Surrender

While Federico slept, the tiniest details of Dolores’s YouTube video were subjected to high-resolution image analysis. For three uneventful minutes, Dolores’s video showed hostage and captor dancing across the cellar’s slate flagstones to the B flat minor key of Troilo’s “Barrio de Tango”. Nothing is uneventful, of course. While the phone recorded their impromptu dance and innocently betrayed its precise location in Calle Copernico, Dolores was tense in Federico’s embrace, distraught that she may not have set the phone properly. The music goaded Federico’s fevered imagination, feeding his tango crush like a mother’s tender swollen nipple. In the last second or two of the video, the rasp of the cellar door being opened was heard, and an abrupt jolt and sway of the camera’s field of view captured a man’s startled eyes as he stared into the phone’s jewel-like lens. This last video image was downloaded and processed.

The security services inherited by Mme. Quiroga were skilled at scanning and archiving covert photographs of citizens. U.S. expertise in computational image analysis did the rest. Spectrophotometric rendition of the man’s right iris was compared to a database of thousands of digitized irises. A match was made, and a judge perfunctorily signed an arrest warrant for Marcos Maldonado, a retired military intelligence officer, adjutant to General Quiroga in the Malvinas campaign, and focal point of violent rightist subversion of Argentina’s Head of State.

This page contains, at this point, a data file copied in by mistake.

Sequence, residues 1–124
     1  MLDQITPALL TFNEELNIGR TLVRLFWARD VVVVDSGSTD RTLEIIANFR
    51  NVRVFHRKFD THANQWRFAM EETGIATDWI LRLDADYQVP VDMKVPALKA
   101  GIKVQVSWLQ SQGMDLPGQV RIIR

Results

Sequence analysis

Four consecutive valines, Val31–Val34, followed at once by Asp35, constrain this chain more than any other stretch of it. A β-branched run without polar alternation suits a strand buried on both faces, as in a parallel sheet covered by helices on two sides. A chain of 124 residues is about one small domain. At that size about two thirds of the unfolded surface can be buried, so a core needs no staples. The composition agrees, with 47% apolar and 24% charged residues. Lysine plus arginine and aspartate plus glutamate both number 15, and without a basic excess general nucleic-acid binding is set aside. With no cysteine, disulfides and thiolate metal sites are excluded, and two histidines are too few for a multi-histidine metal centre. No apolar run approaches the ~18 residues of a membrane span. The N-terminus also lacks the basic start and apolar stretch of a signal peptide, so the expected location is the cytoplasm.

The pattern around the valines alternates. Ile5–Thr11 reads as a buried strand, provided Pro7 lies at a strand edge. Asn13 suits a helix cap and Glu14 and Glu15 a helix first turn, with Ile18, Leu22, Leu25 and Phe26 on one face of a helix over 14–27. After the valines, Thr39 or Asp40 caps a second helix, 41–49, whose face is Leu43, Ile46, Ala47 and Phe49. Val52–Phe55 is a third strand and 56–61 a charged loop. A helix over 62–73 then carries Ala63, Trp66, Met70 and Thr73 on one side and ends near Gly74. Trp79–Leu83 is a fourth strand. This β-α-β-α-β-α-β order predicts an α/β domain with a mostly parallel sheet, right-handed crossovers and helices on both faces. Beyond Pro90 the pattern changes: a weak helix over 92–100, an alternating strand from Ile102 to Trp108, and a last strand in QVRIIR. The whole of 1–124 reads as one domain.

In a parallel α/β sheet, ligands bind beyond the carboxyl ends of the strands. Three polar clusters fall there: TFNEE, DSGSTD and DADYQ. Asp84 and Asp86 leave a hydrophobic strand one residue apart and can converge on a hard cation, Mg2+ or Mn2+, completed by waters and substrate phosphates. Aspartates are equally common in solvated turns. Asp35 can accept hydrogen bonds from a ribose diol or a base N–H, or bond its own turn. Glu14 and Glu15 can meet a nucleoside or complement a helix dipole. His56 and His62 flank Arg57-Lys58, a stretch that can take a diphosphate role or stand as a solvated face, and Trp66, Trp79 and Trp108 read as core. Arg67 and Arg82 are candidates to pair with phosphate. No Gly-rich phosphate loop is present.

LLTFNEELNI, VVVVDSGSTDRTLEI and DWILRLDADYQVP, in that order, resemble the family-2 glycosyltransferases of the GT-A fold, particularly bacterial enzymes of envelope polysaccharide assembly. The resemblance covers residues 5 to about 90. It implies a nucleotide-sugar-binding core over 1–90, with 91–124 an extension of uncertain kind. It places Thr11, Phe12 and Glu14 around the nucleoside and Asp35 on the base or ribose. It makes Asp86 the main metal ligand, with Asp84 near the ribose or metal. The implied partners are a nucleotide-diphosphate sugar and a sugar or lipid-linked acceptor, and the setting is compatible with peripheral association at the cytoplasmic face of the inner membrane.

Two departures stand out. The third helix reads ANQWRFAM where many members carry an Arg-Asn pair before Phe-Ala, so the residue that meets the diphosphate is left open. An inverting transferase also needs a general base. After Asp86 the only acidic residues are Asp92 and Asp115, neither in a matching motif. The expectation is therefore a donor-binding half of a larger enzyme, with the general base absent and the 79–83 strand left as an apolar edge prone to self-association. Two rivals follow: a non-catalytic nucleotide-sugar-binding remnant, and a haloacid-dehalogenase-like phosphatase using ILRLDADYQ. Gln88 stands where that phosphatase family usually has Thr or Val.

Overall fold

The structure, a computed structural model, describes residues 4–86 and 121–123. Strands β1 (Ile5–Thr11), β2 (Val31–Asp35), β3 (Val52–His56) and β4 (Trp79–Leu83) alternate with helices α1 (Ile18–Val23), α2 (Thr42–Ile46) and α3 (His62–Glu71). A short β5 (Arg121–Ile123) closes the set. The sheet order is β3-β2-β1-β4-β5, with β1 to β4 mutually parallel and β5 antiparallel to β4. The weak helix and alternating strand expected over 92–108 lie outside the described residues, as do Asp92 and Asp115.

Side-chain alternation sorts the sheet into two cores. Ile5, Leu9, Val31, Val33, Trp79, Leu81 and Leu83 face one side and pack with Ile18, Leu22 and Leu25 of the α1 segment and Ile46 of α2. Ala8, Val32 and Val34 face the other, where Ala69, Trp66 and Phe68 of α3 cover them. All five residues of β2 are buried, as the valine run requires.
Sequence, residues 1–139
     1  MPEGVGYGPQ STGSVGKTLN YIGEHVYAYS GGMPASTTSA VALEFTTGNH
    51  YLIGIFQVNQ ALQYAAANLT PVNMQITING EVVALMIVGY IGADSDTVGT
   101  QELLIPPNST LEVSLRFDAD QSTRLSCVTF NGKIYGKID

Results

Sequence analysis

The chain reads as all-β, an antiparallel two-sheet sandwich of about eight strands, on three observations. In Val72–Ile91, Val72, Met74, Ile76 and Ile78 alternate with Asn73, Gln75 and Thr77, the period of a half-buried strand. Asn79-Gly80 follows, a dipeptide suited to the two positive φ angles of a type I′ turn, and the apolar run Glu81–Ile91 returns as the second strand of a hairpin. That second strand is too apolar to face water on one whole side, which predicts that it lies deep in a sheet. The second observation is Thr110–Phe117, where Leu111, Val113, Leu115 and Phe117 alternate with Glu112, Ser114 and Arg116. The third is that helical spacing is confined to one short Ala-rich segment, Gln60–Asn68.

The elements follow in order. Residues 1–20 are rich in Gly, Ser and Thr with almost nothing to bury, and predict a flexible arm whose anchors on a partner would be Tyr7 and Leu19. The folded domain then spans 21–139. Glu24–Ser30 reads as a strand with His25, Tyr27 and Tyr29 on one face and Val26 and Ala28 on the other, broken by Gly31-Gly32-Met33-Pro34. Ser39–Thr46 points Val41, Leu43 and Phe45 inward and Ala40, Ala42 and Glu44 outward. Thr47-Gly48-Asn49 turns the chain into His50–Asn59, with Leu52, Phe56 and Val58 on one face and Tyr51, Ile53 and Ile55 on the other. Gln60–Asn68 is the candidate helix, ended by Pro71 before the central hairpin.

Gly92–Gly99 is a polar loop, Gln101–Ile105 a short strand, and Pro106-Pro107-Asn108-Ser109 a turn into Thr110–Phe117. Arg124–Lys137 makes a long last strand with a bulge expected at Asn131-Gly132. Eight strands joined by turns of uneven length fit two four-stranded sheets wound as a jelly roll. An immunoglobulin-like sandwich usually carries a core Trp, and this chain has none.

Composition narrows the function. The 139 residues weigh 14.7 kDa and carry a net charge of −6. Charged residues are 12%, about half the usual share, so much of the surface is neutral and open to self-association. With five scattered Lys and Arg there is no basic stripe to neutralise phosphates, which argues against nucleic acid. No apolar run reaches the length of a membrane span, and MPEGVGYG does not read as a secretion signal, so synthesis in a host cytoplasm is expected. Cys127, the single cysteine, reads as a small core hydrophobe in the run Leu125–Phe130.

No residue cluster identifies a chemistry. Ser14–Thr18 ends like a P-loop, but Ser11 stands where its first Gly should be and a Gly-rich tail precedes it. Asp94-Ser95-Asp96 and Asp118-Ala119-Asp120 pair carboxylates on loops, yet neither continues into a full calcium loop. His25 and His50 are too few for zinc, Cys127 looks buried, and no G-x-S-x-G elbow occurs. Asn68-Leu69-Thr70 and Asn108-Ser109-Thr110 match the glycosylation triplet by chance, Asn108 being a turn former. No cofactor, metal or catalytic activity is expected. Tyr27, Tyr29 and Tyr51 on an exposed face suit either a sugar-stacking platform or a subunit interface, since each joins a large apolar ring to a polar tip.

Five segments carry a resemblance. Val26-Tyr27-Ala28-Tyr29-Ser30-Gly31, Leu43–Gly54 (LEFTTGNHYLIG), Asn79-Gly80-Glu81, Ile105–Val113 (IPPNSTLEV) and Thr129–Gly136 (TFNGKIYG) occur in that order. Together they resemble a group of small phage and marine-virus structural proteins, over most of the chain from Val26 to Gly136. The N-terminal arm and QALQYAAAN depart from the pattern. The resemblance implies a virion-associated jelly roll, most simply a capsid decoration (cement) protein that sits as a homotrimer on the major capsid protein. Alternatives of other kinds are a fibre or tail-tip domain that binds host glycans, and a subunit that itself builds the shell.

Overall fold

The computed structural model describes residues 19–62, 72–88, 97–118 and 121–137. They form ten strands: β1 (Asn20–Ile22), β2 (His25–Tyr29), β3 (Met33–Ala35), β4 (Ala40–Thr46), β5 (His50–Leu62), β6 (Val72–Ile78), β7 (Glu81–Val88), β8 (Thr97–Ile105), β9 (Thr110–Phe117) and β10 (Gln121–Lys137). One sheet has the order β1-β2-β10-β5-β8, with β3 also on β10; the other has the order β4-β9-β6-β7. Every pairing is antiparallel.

Amancio oversaw the flow of intelligence on his laptop in the Sofitel. While leaning on the balcony rail, he listened to FM Gardel 91.1 and studied the windowed complexities of life in the condo tower across the street, where dramas no less exigent than his own were playing out. Tango shaped his interpretation of these dioramas, and he returned to his laptop refreshed and decisive. Dolores, back at the Four Seasons, shaken but game, dabbed Provocatif on her earlobe and wondered if a black cocktail dress or a white would be better when meeting Willis, and shoes, of course, were a more substantive question… Willis and Nestor negotiated jurisdictional nuances in a beige Ministry of Security office. Federico, under surveillance at the Hospital Italiano, drifted uneasily between the tedious fluorescent reality of life-support, and surrender to dreams of intimate connection with Dolores to the sound of Di Sarli’s “Mi Refugio”.

And Felix and Charlotte, flouting presidential protocol, met discreetly in a private room at La Cabrera, and touched, over Ojo de Bife, on the finer points of leading and following.

2 thoughts on “Surrender”

  1. and the West wins! they posted the story at 1:34, although they put 1:13 on the post just to look quicker. their story is only two pars long lifted from the ABCno news from TWAToday yelrit.aght, I’m over this now

  2. But Chris, I just don’t have the talent to defend utterly dreadful films like you do – I look forward to your reply, which will doubtless give me the impetus to provide a list for all the happy Picturenose readers, to detail just how bad your ‘No, I really loved that film actually’ choices have been in the past. Hey, maybe that should be Picturnose’s next list – ’10 *Really* Bad Films That Chris Really Loves, Actually’? Of course, Independence Day will not feature, as I loved that one too, which means that it is OK to defend it, fair enough?

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